Jake’s Take-The Best George Michael Collaborations

George Michael death

(Photo property of WireImage’s Greetsia Tent)

Yesterday, numerous media outlets such as ABC News, BBC, CNN & Entertainment Weekly reported the death of pop star George Michael.

Jake’s Take salutes George Michael by remembering some of his greatest collaborations.

Careless Whisper” with Smokey Robinson (1985)

31 years ago, George Michael performed at the iconic Apollo Theatre with the King of Motown: Smokey Robinson. The Wham! Singer and the “Tears of a Clown” singer-songwriter delivered a fabulous performance that first showcased that George would be the best collaborator that an R&B/Soul singer would ever have.


(Photo property of AP’s Rob Kozloff)

I Knew You Were Waiting for Me” with Aretha Franklin (1987)

If any artist wants to perform with the Queen of Soul, they better bring their A-game. Mr. Michael and Ms. Franklin delivered a fiery techno pop duet for the latter’s 1987 Aretha album. This duet charted straight to the top on five international music charts and became Ms. Franklin’s biggest hit on Adult Contemporary radio as it peaked at number two.

(Photo property of the London Lighthouse and the Children’s Rainbow Trust)

Don’t Let the Sun Go Down on Me” with Sir Elton John (1991)

George Michael gave his audience a performance to remember during the last leg of his Cover to Cover Tour when Michael’s friend, Sir Elton John, joined him to cover his 1974 classic.  I still get goosebumps every time that I hear this fantastic pairing.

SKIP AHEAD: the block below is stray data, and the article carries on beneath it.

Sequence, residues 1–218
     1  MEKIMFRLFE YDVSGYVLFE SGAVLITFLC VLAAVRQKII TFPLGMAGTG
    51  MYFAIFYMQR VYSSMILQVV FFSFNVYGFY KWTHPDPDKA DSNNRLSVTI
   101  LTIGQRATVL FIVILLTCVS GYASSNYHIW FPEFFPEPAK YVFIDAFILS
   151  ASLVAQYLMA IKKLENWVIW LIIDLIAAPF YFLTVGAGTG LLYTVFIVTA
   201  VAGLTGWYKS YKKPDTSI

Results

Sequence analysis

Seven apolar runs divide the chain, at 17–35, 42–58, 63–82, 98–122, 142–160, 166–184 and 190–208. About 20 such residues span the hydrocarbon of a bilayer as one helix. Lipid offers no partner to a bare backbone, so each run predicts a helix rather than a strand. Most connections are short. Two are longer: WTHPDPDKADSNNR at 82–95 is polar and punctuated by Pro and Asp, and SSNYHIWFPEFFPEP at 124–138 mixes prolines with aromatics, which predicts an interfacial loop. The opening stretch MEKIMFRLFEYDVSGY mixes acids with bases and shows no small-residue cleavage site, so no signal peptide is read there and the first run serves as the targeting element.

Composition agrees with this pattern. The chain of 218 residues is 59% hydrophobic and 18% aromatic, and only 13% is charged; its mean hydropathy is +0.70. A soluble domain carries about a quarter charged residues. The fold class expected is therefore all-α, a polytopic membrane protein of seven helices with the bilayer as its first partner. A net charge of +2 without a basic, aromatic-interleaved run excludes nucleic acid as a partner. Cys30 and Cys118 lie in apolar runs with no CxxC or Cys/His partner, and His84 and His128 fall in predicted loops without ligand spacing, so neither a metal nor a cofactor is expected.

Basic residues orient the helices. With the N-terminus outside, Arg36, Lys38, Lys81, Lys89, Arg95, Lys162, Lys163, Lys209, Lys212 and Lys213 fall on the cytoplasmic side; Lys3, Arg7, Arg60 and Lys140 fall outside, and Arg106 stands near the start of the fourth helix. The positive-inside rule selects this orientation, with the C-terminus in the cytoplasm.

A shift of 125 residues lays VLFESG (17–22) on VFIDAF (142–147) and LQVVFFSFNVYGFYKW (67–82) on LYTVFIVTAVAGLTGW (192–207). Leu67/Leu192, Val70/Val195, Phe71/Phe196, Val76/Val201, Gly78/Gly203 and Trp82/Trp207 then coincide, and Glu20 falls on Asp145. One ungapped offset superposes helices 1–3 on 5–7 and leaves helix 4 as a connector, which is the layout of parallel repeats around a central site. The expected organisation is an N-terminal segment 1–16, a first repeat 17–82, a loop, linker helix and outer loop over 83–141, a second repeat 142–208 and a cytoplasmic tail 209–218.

Somebody to Love” with Queen (1992)

Way before Adam Lambert and Jordan Smith conquered Reality TV with their renditions; George Michael provided the road map to how to successfully cover this Queen classic. Michael’s performance at the Freddie Mercury Tribute Concert for AIDS Awareness perfectly paid homage to the rock star that helped change the face of British rock and roll.

As” with Mary J. Blige (1999)

During 1999, George Michael teamed up for a cover of Stevie Wonder’s iconic song: “As” for their respective studio albums. Their voices complemented each other very well, and the track peaked in the Top 20 on four international music charts.

Don’t Let the Sun Go Down on Me” with Luciano Pavarotti (2000)

Nine years later, George Michael revisited the song and used it to bridge a musical gap with opera’s greatest tenor: the late Luciano Pavarotti. While Michael sang the song in English, Pavarotti beautifully translated the Bernie Taupin-Elton John tune in Italian. Backed by a children’s choir, this duo delivered one of the best Pavarotti & Friends performances of all-time.


(Photo property of Sony Music Entertainment)

If I Told You That” with Whitney Houston (2000)

When the King of Pop could not record a duet version of Ms. Houston’s “If I Told You That,” the pop diva asked George Michael to step in as they tackled the Darkchild club hit. While the song did not have the same energy from his previous duets with Aretha and Mary, there was a fire between the two vocalists that makes this unearthed gem a must for any music lover’s libraries.

Blame It on the Sun” with Ray Charles (2005)

George Michael had the honor of being one of Ray Charles’ last duet partners before the “Georgia on My Mind” singer’s passing in 2004. The two tackled Stevie Wonder’s “Blame It on the Sun.” Their cover breathed new life into the 1972 soul standard, and it was one of the highlights on Mr. Charles’ first posthumous studio album.

Beyonce and George michael

(Photo property of The Rap-Up)

If I Were a Boy” with Beyoncé (2009)

London concert goers were shocked when George Michael joined Beyoncé on the 02 stage of her 2009 show. Michael and Beyoncé traded lyrics and delivered one of the best moments in pop music history as they went note-for-note and gave a knockout performance that everyone in attendance on their feet.

I do not own any of the clips that are featured in this article. They belong to the artists and their record labels.

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Copyright 2015 Jacob Elyachar